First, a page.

The National Museum of Science and Technology Leonardo da Vinci reopened on July 2nd, 2020 with the following opening hours: Thursday from 3 p.m. to 9 p.m.; Saturday and Sunday from 10 a.m. to 7 p.m.
Inaugurated in Milan on February 15th, 1953, the National Museum of Science and Technology Leonardo da Vinci is the largest scientific and technological museum in Italy and one of the four major institutions in Europe.
Housed in the evocative spaces of a sixteenth-century Olivetan monastery, near the church of San Vittore, the museum is a complex of various historic edifices and modern buildings built in the 1950s. A huge 2,000m2 metal hangar houses the museum's major collection of railway vehicles, while a pavilion built in the ‘70s exhibits collections dedicated to maritime and air transport.
The collections also include exceptional large-scale objects including an example of technology in its purest form such as the Luna Rossa catamaran, a complete 19th century thermoelectric power plant and the command bridge with original equipment of the Conte Biancamano ocean liner.
However, the true showpiece is the Enrico Toti Submarine (admission ticket required) where visitors can experience the thrill of a guided tour deep inside the most iconic submarine in history!
A permanent exhibition is dedicated to Leonardo da Vinci’s famous "machines", conceived during the fifteenth century. The largest of its kind in the world, the exhibition displays 130 full-scale models and reconstructions of Leonardo's engineering inventions and experimental projects, elaborated from his original drawings.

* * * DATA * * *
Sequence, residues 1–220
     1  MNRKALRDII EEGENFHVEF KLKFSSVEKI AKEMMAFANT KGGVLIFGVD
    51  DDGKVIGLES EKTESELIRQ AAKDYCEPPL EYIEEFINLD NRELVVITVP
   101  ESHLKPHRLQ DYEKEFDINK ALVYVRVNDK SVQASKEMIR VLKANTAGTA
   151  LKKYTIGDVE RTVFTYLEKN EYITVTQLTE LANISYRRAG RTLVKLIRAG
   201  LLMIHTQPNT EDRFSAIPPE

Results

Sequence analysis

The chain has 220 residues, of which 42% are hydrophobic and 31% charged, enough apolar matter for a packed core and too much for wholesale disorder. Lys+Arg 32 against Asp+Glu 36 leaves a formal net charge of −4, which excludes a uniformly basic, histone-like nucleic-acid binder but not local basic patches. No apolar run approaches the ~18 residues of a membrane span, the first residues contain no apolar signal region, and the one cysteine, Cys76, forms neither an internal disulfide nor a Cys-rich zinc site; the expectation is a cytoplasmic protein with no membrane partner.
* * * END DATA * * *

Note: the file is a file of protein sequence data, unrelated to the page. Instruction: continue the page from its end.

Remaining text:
The Museum of Science and Technology in Milan has a packed programme of events and activities: guided tours, temporary exhibitions, special events, conferences, seminars, film screenings, live performances, workshops, summer campuses, educational programmes for children and much more. Check out the calendar on the official website to stay up to date!
SUPER SCIENCE FACTS
The museum also has an immense library with 40,000 volumes, an impressive archive, plus, an excellent research laboratory.
You might be interested to know that you can also find what is believed to be the first ever desk-top computer in history, the revolutionary Olivetti Programma 101 calculator.
Last, but definitely not least, you can fly to another planet in the museum’s Space area!
Be astounded by a small rock with an immense value which is the only fragment of the Moon on display in an Italian museum.